LULU GARCIA-NAVARRO, HOST:
For some in recovery from opioid addiction, taking methadone is a daily requirement. Missing a dose of the strictly regulated treatment could result in painful withdrawal symptoms. New York City has now launched a delivery program, though, so patients can get methadone without leaving their homes during this pandemic, as Olivia Reingold reports.
OLIVIA REINGOLD, BYLINE: It's a sunny day in Brooklyn, and Ana Pagan is outside, waiting for a visit from the New York City Health Department. She says a few minutes ago, she had to run back upstairs because she realized she'd forgotten her mask.
ANA PAGAN: And that alone takes my breath away.
REINGOLD: She's 57 and has asthma and pulmonary disease. That's why her doctors recommended her for New York City's new methadone delivery program. Normally, methadone has to be picked up from a treatment center. But now, during the coronavirus pandemic, the federal government says patients in quarantine can get their methadone delivered to them if they follow security protocols.
(SOUNDBITE OF CAR TRUNK OPENING)
REINGOLD: In New York City, that means a team of two health department employees show up to the patient's doorstep. Next, they put the patient on the phone with a staff member from an opioid treatment center.
PAGAN: Hi, Nikita.
NIKITA: Hi, Ana. How are you today?
PAGAN: OK, baby.
REINGOLD: The staffer asks Pagan for a pin, a four-digit code that she gave Pagan over the phone earlier that day. The idea is to make sure the medication is getting to the right person.
NIKITA: You remember the pin?
PAGAN: Yeah. Zero, one, two, three.
NIKITA: Perfect. Thank you.
REINGOLD: And just like that, Pagan has two weeks' worth of medicine. She got on methadone eight years ago to fight a heroin addiction. And normally, she has to trek to downtown Brooklyn every couple of days to get her supply. Now, she says she's grateful that she won't have to make that trip during a pandemic.
PAGAN: I don't know how to say how I feel because it's too many emotions going through, you know, but it's wonderful.
REINGOLD: New York City says it has the capacity to make 1,300 of these deliveries every month. But since the program started up in mid-April, it's made only 70 of them. That's according to Dr. Denise Paone, a research director at the health department. She helped design the program along with opioid treatment providers.
DENISE PAONE: There are also concerns like, is the person stable enough? Do they have a safe place to store their medication?
REINGOLD: Paone says the city is trying to ramp up the number of referrals to the program by hosting webinars and daily calls with doctors to answer questions. The fact that this is where the health department is putting its resources strikes Nick Langworthy as ridiculous. He's the chairman of the New York state Republican Party. He says he'd rather see the health department hand out protective equipment to law enforcement officers and health care workers instead of delivering methadone.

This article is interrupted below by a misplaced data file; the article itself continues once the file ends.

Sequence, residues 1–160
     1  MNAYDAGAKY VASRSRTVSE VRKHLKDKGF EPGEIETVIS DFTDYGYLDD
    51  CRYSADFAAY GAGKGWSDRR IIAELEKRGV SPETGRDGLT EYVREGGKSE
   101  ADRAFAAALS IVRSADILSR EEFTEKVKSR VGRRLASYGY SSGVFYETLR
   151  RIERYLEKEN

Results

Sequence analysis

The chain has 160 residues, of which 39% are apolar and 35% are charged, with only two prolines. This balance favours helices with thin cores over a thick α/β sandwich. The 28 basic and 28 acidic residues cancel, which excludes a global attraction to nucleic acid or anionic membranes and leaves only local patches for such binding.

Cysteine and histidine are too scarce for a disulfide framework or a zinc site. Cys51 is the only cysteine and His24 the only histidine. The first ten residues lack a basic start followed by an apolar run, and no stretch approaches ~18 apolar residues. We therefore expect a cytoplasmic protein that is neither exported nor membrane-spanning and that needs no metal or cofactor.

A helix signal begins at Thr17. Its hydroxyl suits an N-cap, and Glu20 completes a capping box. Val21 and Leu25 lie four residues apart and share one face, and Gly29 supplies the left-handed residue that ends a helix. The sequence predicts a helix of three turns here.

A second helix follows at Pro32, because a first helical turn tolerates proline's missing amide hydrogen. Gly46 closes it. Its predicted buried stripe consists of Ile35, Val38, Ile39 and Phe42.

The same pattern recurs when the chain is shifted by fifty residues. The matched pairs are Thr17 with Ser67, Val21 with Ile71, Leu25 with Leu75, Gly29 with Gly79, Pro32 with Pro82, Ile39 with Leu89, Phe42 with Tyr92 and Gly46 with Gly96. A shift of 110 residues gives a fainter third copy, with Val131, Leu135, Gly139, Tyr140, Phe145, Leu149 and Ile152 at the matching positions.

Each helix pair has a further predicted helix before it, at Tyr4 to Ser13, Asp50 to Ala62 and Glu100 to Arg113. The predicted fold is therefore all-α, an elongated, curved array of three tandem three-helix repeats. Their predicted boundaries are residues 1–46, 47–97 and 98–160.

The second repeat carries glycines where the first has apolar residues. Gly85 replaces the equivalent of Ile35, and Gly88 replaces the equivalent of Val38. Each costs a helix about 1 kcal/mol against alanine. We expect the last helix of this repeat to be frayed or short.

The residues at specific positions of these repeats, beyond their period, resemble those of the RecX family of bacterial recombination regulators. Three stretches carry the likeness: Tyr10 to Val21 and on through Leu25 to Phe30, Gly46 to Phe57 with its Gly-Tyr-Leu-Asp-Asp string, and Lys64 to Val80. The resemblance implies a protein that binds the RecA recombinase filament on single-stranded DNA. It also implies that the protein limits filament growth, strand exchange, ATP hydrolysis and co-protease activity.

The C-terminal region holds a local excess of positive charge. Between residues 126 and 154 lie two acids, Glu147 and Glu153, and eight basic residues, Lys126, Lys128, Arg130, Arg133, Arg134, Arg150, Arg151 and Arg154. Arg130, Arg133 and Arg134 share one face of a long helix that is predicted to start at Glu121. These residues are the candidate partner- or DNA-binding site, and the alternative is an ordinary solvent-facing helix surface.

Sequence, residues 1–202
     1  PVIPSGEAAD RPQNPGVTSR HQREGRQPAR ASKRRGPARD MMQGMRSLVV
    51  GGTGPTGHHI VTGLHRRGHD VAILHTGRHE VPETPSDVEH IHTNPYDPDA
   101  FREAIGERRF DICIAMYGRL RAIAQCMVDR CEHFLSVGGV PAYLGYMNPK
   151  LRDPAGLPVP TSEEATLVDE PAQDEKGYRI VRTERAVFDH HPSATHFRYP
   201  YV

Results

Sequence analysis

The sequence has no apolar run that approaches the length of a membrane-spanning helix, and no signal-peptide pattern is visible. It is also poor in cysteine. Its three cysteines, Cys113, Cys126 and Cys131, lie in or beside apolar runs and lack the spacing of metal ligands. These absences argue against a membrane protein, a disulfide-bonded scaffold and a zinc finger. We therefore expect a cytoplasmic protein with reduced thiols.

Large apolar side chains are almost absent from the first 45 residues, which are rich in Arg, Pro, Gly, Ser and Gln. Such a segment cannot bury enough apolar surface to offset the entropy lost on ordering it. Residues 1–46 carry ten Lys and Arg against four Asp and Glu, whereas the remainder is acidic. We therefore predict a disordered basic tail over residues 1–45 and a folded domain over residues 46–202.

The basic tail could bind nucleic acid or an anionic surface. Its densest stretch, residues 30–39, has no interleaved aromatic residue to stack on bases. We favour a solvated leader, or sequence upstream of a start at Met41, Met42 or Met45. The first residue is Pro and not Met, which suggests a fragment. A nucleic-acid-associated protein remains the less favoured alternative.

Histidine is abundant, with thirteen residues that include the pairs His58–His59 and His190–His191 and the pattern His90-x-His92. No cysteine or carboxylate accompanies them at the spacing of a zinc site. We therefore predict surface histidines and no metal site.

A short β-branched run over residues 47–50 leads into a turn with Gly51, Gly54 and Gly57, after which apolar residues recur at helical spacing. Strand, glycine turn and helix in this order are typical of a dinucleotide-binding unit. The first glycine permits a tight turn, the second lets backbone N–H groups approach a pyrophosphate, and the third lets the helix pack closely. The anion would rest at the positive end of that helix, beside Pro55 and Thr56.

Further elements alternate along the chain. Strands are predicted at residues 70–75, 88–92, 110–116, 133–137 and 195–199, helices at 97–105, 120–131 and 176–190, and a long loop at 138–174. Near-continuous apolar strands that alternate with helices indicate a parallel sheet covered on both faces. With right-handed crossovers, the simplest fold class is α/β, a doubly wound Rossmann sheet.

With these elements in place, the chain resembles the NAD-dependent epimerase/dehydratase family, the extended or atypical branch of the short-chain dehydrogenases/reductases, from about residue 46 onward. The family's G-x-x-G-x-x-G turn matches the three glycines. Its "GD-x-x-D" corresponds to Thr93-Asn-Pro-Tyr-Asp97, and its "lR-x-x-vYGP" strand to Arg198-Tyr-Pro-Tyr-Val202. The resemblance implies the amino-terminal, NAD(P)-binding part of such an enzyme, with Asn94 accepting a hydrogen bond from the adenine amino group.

NICK LANGWORTHY: Methadone abuse is a very real problem. At its best, it should only be administered under the care and direct supervision inside a treatment facility.
REINGOLD: Dr. Elinore McCance-Katz leads the Substance Abuse and Mental Health Services Administration, the federal agency that oversees opioid treatment centers. She says her agency had the leeway to OK methadone deliveries because the country is in a national emergency right now. But once that ends, she says the guidance expires.
ELINORE MCCANCE-KATZ: Unless we decide as a department that this is something that we can move forward, and then we will look with our legal counsel as to what authority we have to do that.
REINGOLD: She says she'll fight to keep some of the other changes that have emerged during this period, like using telehealth for new kinds of addiction treatment. But it's unclear what her plans are for methadone deliveries. New York City's health commissioner says if methadone can be delivered during this public health crisis, it should be delivered afterwards during the ongoing opioid epidemic, too.
For NPR News, I'm Olivia Reingold in New York City.
NPR transcripts are created on a rush deadline by Verb8tm, Inc., an NPR contractor, and produced using a proprietary transcription process developed with NPR. This text may not be in its final form and may be updated or revised in the future. Accuracy and availability may vary. The authoritative record of NPR’s programming is the audio record.